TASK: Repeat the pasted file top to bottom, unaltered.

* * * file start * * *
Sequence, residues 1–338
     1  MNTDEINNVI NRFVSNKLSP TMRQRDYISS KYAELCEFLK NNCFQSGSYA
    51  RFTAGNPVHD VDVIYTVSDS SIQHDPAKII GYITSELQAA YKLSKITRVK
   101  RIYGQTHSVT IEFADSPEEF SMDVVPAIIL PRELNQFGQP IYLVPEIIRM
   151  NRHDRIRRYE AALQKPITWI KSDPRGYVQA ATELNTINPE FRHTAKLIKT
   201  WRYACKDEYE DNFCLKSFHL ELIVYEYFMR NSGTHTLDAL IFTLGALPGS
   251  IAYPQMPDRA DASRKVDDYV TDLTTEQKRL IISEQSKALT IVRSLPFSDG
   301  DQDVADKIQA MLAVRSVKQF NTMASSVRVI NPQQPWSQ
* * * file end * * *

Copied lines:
Sequence, residues 1–338
     1  MNTDEINNVI NRFVSNKLSP TMRQRDYISS KYAELCEFLK NNCFQSGSYA
    51  RFTAGNPVHD VDVIYTVSDS SIQHDPAKII GYITSELQAA YKLSKITRVK
   101  RIYGQTHSVT IEFADSPEEF SMDVVPAIIL PRELNQFGQP IYLVPEIIRM
   151  NRHDRIRRYE AALQKPITWI KSDPRGYVQA ATELNTINPE FRHTAKLIKT
   201  WRYACKDEYE DNFCLKSFHL ELIVYEYFMR NSGTHTLDAL IFTLGALPGS
   251  IAYPQMPDRA DASRKVDDYV TDLTTEQKRL IISEQSKALT IVRSLPFSDG
   301  DQDVADKIQA MLAVRSVKQF NTMASSVRVI NPQQPWSQ